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Paris at War

Paris at War


David Drake

ISBN 9780674504813

Publication date: 11/16/2015

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Paris at War chronicles the lives of ordinary Parisians during World War II, from September 1939 when France went to war with Nazi Germany to liberation in August 1944. Readers will relive the fearful exodus from the city as the German army neared the capital, the relief and disgust felt when the armistice was signed, and the hardships and deprivations under Occupation. David Drake contrasts the plight of working-class Parisians with the comparative comfort of the rich, exposes the activities of collaborationists, and traces the growth of the Resistance from producing leaflets to gunning down German soldiers. He details the intrigues and brutality of the occupying forces, and life in the notorious transit camp at nearby Drancy, along with three other less well known Jewish work camps within the city.

The book gains its vitality from the diaries and reminiscences of people who endured these tumultuous years. Drake’s cast of characters comes from all walks of life and represents a diversity of political views and social attitudes. We hear from a retired schoolteacher, a celebrated economist, a Catholic teenager who wears a yellow star in solidarity with Parisian Jews, as well as Resistance fighters, collaborators, and many other witnesses.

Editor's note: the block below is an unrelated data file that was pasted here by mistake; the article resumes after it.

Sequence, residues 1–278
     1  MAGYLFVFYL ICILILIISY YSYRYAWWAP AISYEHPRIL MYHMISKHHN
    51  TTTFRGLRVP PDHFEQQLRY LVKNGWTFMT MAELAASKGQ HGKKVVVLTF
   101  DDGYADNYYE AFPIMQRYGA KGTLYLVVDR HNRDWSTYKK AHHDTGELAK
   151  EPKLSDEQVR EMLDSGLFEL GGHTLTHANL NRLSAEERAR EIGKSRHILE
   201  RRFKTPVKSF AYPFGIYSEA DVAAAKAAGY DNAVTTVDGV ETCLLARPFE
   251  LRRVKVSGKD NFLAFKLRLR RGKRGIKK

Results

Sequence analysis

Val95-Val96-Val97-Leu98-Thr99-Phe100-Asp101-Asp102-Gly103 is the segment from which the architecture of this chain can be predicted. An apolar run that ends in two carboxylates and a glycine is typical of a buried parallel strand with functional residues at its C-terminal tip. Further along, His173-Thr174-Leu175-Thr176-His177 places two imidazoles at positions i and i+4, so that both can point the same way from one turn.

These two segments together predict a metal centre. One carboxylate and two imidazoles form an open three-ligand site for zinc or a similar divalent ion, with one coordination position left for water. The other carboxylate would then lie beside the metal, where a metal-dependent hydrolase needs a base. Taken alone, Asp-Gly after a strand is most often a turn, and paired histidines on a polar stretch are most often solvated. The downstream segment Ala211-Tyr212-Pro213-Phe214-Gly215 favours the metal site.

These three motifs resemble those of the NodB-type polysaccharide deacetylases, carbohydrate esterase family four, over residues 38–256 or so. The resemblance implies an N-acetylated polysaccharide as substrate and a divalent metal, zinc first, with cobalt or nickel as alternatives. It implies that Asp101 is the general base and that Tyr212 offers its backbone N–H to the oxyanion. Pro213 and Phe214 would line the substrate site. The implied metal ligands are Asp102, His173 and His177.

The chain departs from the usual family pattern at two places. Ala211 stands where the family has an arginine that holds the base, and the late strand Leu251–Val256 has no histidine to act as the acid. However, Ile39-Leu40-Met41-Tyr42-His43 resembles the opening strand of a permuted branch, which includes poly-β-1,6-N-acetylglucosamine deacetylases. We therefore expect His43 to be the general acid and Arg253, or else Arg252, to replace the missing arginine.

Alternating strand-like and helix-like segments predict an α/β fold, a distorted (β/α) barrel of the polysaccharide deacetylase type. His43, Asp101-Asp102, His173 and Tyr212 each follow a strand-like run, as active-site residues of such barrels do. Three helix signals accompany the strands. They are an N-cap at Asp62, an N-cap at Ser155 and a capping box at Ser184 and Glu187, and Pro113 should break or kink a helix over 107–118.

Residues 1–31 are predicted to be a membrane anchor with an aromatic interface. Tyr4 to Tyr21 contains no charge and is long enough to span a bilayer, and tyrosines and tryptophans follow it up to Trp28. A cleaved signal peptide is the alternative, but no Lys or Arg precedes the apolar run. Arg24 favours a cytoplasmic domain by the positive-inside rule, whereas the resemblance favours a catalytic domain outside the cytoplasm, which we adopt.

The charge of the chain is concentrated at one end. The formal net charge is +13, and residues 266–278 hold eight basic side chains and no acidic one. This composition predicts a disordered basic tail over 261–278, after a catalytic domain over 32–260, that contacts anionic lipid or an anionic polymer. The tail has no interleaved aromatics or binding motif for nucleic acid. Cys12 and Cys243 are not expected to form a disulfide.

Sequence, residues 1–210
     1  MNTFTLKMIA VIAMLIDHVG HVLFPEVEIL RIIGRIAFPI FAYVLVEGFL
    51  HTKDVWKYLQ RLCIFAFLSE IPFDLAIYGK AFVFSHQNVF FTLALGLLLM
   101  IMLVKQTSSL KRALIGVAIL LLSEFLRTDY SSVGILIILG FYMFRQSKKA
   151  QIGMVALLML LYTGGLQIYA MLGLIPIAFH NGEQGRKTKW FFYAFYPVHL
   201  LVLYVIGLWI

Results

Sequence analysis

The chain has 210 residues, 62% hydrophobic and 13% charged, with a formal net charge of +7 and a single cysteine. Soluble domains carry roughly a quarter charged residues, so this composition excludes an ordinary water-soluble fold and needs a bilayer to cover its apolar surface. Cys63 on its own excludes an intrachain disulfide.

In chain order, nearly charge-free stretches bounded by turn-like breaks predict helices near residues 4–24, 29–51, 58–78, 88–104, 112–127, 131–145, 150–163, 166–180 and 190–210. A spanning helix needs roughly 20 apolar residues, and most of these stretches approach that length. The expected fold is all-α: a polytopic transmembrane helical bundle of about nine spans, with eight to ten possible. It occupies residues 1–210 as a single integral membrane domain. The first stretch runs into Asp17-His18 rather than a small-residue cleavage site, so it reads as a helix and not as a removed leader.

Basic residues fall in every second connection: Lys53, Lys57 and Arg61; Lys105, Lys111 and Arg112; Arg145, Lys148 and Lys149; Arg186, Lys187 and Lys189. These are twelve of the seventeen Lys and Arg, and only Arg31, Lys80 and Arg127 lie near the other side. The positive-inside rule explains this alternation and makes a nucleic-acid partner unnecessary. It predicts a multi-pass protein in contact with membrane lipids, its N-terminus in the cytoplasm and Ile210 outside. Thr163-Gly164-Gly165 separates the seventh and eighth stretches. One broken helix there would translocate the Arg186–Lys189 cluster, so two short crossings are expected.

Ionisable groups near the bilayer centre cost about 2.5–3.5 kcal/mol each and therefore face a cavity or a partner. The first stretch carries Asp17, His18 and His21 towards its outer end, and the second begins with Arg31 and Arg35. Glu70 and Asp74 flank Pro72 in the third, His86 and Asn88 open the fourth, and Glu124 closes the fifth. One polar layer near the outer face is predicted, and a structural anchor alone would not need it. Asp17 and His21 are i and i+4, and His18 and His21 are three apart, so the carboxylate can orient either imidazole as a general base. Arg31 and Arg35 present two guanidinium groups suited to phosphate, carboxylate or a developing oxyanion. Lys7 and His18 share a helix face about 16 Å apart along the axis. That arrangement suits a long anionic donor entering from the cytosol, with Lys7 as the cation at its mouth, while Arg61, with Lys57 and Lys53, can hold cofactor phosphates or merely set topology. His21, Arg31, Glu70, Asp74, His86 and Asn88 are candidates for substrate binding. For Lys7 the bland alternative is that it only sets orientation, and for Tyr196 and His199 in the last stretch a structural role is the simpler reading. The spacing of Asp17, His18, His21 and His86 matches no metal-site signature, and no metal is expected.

Drake enriches his account with details from police records, newspapers, radio broadcasts, and newsreels. From his chronology emerge the broad rhythms and shifting moods of the city. Above all, he explores the contingent lives of the people of Paris, who, unlike us, co­uld not know how the story would end.


  • David Drake writes a narrative of the capital during [World War II] that, by catching the mood of those Parisians who wrote diaries and journals of the Occupation, restores a humane sense of reality to a story that can easily be reduced to one of derring-do (on the part of resisters) or cloak-and-dagger machinations (on the part of Laval, his enemies on the Right, and the German officials who alternately loathed and manipulated him). Built up on a deep engagement with the practical problems of living in Paris, as well as an elegant account of how Nazi authorities squabbled over its management, Drake’s book is hugely readable and satisfyingly detailed.

    —Julian Wright, Times Literary Supplement


  • David Drake has taught at universities in London and Paris and has published widely on French intellectual and cultural history.

Book Details

  • 592 pages
  • 6-1/8 x 9-1/4 inches
  • Belknap Press